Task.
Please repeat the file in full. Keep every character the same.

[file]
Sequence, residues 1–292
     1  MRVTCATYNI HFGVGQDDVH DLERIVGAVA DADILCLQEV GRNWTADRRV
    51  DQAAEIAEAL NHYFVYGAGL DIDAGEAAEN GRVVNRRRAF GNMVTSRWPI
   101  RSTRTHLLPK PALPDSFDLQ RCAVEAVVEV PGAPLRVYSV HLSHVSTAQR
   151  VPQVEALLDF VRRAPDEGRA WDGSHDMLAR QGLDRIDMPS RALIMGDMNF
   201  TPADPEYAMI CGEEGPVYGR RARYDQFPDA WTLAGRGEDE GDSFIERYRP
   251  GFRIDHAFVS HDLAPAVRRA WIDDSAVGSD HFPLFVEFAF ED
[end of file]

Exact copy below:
Sequence, residues 1–292
     1  MRVTCATYNI HFGVGQDDVH DLERIVGAVA DADILCLQEV GRNWTADRRV
    51  DQAAEIAEAL NHYFVYGAGL DIDAGEAAEN GRVVNRRRAF GNMVTSRWPI
   101  RSTRTHLLPK PALPDSFDLQ RCAVEAVVEV PGAPLRVYSV HLSHVSTAQR
   151  VPQVEALLDF VRRAPDEGRA WDGSHDMLAR QGLDRIDMPS RALIMGDMNF
   201  TPADPEYAMI CGEEGPVYGR RARYDQFPDA WTLAGRGEDE GDSFIERYRP
   251  GFRIDHAFVS HDLAPAVRRA WIDDSAVGSD HFPLFVEFAF ED